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Editor’s Note: This is part a series on macro photography this week. Look for a new one each day. The next newsletter will have them all if you miss any!
Here are 5 quick creative tips to help you with your macro photography:
While a macro lens with a 1:1 (one to one) ratio is a terrific tool for close-up work, so too is an external flash. Contrary to what some photographers will tell you, it doesn’t necessarily have to be a ring light for successful results. The trick is to reduce the flash output to approximately -1.75 in TTL mode. This will illuminate the finer detail in your macro work such as a butterfly’s antennae. Should you need even less light, cut the flash intensity further to -2 or -3 stops.
There are times when you’ll want more depth of field to keep the entire subject sharp. This can be problematic, however, as more of the scene remains in focus and can be distracting. Rather than opting for a shallow depth of field, consider using flash. With it, you can illuminate the subject, enjoy great depth of field, and render the background really dark, or even black. To do this, position yourself so there is at least six to 12 inches of separation between the subject and the background. Your reduced flash will effectively expose your macro subject without reaching what’s behind it.
Go beyond the routine snapshot by adding a layer of visual interest to your macro captures. By shooting through a flower petal or leaf, you can create a soft wash of color while keeping the main subject in sharp focus. The technique is simple but yields a sophisticated look that’s reminiscent of an impressionist painting. For this particular method, you may prefer the freedom of shooting without a tripod. By working handheld, it’s easier to position the camera directly into the patch of flowers.
Start with your widest aperture, preferably around f/2.8. Locate a flower that’s in front of your subject, and place your lens approximately one inch away from it. Don’t worry if it largely blocks the main subject, as the extremely shallow depth of field will render it nearly transparent. The closer your lens is to the front flower, the more out of focus it will become. Carefully compose so that you can still see your subject in the background. Finally, move your single active autofocus point to the flower you want sharpest.
Autofocus is highly effective for the majority of shooting opportunities. In extreme close-up situations however, it can struggle to find its mark. This is particularly true with ultra fine details such as a delicate spider web. A better alternative is to use manual focus aided by Live View or focus peaking. These options take the guess work out of manual focus, allowing you to view the scene at extreme magnifications. At 5x or 10x magnification, it leaves no doubt that something is sharp. On some camera models you can even couple the enlarged view with focus peaking. This works by outlining the portion of subject that’s in focus. While it’s possible to do this handheld, a stable tripod will improve your accuracy.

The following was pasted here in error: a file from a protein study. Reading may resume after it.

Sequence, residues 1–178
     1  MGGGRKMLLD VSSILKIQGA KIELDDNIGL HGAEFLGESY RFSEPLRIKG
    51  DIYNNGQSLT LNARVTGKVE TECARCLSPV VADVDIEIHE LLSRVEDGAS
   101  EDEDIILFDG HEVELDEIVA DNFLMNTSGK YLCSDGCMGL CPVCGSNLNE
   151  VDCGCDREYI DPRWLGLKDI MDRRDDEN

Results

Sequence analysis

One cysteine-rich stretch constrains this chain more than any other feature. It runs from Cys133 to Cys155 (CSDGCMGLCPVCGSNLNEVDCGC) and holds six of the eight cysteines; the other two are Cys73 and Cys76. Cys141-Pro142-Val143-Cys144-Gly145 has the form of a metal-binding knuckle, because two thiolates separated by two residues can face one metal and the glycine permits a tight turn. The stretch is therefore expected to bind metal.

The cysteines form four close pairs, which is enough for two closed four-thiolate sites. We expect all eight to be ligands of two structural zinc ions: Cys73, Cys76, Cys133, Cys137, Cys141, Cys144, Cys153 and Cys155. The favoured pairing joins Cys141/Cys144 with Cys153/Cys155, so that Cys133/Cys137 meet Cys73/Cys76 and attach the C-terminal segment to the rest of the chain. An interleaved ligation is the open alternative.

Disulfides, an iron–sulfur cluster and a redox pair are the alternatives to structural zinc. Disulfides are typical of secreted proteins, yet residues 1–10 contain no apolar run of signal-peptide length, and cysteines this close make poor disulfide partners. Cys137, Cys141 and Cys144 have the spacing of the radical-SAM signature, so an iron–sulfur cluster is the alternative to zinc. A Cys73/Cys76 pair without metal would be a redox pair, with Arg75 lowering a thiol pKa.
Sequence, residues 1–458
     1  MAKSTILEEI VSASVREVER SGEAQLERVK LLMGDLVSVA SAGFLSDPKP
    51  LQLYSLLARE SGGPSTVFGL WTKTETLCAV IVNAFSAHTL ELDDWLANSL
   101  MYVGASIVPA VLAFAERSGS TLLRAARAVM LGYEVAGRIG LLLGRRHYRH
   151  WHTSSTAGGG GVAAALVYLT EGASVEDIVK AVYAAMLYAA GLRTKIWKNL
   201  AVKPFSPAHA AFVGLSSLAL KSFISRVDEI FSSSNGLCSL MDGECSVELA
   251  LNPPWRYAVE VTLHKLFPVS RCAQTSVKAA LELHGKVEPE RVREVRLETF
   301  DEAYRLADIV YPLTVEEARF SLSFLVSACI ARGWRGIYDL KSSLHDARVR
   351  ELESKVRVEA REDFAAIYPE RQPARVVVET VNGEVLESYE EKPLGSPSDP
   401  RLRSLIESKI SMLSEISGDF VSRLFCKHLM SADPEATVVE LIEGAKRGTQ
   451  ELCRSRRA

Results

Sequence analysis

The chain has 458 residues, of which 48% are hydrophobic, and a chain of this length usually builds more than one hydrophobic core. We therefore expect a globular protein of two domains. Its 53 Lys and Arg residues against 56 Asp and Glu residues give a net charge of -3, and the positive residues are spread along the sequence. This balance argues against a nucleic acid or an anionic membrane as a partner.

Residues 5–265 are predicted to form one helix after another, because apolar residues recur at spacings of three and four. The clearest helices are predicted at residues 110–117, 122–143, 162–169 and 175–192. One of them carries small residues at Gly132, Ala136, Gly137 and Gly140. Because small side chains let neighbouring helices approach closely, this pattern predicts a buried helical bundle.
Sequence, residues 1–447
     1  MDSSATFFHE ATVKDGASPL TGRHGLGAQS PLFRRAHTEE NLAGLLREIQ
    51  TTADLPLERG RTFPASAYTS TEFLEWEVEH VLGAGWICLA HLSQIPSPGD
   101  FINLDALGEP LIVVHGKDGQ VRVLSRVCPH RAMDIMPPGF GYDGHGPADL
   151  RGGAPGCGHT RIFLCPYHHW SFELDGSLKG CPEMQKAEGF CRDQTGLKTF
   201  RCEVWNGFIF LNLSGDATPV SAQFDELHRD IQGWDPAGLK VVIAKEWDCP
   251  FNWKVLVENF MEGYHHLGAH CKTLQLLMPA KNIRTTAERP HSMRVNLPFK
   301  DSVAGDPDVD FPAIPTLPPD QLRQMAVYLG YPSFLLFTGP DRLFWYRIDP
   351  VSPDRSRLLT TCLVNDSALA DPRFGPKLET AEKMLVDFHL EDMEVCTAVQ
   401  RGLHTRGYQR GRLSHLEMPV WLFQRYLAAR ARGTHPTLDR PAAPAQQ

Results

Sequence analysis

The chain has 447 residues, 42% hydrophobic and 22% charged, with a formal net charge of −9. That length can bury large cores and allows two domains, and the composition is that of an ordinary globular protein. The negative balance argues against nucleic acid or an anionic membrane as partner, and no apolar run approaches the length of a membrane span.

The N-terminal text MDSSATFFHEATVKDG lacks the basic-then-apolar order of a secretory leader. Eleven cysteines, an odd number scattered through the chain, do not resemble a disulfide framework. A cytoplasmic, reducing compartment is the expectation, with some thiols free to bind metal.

When shooting macro images, the importance of clean background can not stressed enough. If the area behind your subject is cluttered, it draws attention away from your main point of focus. Rather than taking the first vantage point offered, try composing with your feet. This is a deliberate process that forces you to slow down and explore the subject from all possible angles.
Filling the frame with your subject can be an effective way to eliminate distracting backgrounds. With the close focusing ability of a macro lens, you can carefully arrange the scene to only include the flower. This enables you to work with small apertures such as f/16 for maximum depth of field. With sharp detail throughout the frame, there are no areas of soft focus to detract from the subject. For a more dynamic look, try using the rule of thirds instead of a bulls-eyed composition.
There is something serendipitous about in-camera double exposures that is lost when methodically stacking images in Photoshop. Making exposures this way builds a sense of anticipation that is normally not present in digital photography, with today’s camera’s featuring “instant everything”. Instead, you take the first image, look at it on the LCD and hold that visual in your mind while searching for a second scene to best compliment it. After capturing that, you have to wait a few seconds for the camera to reveal your creation. In that brief pause, suspense builds, and anything seems possible, much like the days of waiting for your film to be processed. Of course with a technique like this, there will be a few misses. Nevertheless, the results can be quite interesting when you get it just right.
Another creative option is to experiment with slow shutter speeds and intentional camera movement. You don’t even need a macro lens to try it, just a basic zoom. Start by filling the frame with the flower and make sure it’s in focus. For this you can be at the longer end of your focal range. Press the shutter all the way down and start the exposure, then immediately zoom out to a wide-angle perspective. You can also reverse the process, starting with a wide angle and zooming in. The following settings are a baseline to get you started.
Do you have any additional creative tricks to share? Please do so in the comments.
Want to learn more about macro photography? Check out Ed Versosky’s Introduction to Close-Up & Macro Photography ebook – just $10 (over 30% off) this week with coupon code: DPS. You will need to enter the code to apply the discount.
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